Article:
Bottom line: Since most of us haven’t been vaccinated and can’t get coronavirus tests every day, it’s especially important to wear masks whenever you are out in public or with people you don’t live with.  But you should NOT be out in public or with people you don’t live with except when it’s essential.  Depending on your age, health, and who you spend time with, it may not be safe for you to go to all the places that are open.  Especially avoid indoor areas where you are likely to be close to others for more than a very short period of time (15 minutes) or whose workers are close to many other people, such as a tattoo parlor, hair or nail salon, restaurant, concert, party or movie theater.  If you must go to a store, try to go to one that makes appointments with customers or limits the number of customers, and spend less than one hour indoors to reduce exposure to any coronavirus that is in the air.

In summary:

  • Stay at home or go outside in your yard or neighborhood where you can keep at least 6 feet away from others
  • Avoid public spaces where there are other people, especially indoors
  • Avoid public transportation when possible and unnecessary travel
  • Avoid all social gatherings that are indoors or where people are close together
  • Work from home if possible
  • Stay at least 6 feet away from people when out in public (indoors or outdoors). Further away is even better, especially if people are singing or talking, or if there isn’t good air filtration.
  • Avoid physical contact in social situations, such as shaking hands, hugging or kissing

AND

  • Wash your hands using soap and water for at least 20 seconds, especially after being out in public
  • Use alcohol-based hand sanitizer when soap and water aren’t available (or wash your hands as soon as you get home)
  • Avoid touching your face when your hands aren’t clean or you are out in public
  • Avoid contact with people you don’t know very well
  • Put the toilet seat down before flushing in a shared or public bathroom
  • A lower priority would be to clean and disinfect surfaces, and only those in your home or workplace that could expose you frequently to the virus, including doorknobs, light switches, faucet handles, and phones. An antibacterial cleaning agent won’t kill a virus, so try to find one that is effective for killing viruses.

If you have a weakened immune system or other serious health problems, here are extra steps to protect yourself:

  • Make a plan with your doctor to monitor for symptoms
  • Avoid friends and family except those you live with or depend on for essentials.  Otherwise, rely on your phone or computer to maintain contact.
  • Have a plan with your loved ones or caregiver if you or they get sick
  • Have the medications you rely on and order any you need in advance (to be delivered, if possible)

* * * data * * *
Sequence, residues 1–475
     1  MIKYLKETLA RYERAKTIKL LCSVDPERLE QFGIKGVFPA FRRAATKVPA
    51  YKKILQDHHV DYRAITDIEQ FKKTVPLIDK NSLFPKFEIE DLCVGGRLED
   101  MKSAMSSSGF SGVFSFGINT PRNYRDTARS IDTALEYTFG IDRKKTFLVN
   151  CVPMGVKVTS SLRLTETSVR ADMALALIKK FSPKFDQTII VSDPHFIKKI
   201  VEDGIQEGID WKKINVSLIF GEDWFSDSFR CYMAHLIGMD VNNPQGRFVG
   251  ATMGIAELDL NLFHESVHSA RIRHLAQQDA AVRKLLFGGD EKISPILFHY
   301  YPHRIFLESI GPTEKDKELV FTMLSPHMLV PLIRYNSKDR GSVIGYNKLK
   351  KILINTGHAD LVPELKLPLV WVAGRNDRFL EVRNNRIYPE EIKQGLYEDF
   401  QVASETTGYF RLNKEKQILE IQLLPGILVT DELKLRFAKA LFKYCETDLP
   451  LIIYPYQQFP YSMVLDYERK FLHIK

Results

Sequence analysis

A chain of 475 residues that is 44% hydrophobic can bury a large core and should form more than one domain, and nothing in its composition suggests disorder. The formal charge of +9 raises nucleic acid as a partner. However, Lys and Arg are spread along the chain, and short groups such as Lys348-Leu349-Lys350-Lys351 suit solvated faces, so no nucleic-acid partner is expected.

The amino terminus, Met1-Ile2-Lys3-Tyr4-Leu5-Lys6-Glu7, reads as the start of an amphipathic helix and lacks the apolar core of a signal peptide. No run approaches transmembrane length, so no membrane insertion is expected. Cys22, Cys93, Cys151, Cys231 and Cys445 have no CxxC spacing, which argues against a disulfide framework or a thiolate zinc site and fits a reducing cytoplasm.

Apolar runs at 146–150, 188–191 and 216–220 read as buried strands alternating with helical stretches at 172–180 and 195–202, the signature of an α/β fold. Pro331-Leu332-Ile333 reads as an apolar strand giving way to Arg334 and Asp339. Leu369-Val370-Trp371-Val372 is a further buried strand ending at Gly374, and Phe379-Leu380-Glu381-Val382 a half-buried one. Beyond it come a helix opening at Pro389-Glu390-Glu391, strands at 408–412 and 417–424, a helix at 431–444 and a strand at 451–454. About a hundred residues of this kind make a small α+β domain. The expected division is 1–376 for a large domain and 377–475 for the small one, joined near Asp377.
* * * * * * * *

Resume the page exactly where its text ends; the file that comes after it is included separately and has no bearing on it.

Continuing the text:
• Ask a friend or family member to shop for groceries for you
  • Wash your hands (20 seconds with soap and water) even more often if you are exposed to others

What should I do if I develop symptoms?

If you develop more than one of the symptoms listed above, call your doctor.  If you have severe symptoms, such as difficulty breathing, persistent chest pain or pressure, confusion or inability to awaken, or blueish color in the lips or face, you need to call 911. Tell the 911 operator that you think you have COVID-19 so the responders can take the necessary precautions to protect themselves.

People who experience mild symptoms can usually stay home and will recover in about 2 weeks. Do not just show up at the doctor’s office with symptoms:  Call them first so you have tell them about your symptoms and any other health problems so that they can help decide what to do.  If you do become sick, you can take the following steps to protect others:

  • Stay home, unless you need essential medical care
  • Wear a facemask when you are near others.  (People caring for you should also wear a facemask).
  • Stay away from others in your home as much as possible
  • Cover your mouth and nose when you cough or sneeze, properly dispose of tissues, and wash your hands
  • Monitor your symptoms and temperature

If you were not tested for COVID-19, you should follow those steps until at least one or two weeks have passed since you first noticed symptoms or your fever or other symptoms go  away for 3 full days without medicine.  If you have been diagnosed with COVID-19 based on test results, you should follow those same steps until you have 2 negative test results taken 24-hours apart, and your symptoms improve.

What if my other scheduled medical treatment is delayed?

When a person is diagnosed with a serious disease, they are likely to want treatment as soon as possible. If you don’t have COVID-19, you don’t want to be exposed to it during surgery, testing, or follow-up appointments. Treatment or testing may seem more urgent than it really is, but it is definitely more important than going to a restaurant, store, or party.  Some medical centers are overwhelmed with Covid-19 patients, and others are not. Talk to your doctor about what is the best strategy to get the treatment you need when it is safe to do so.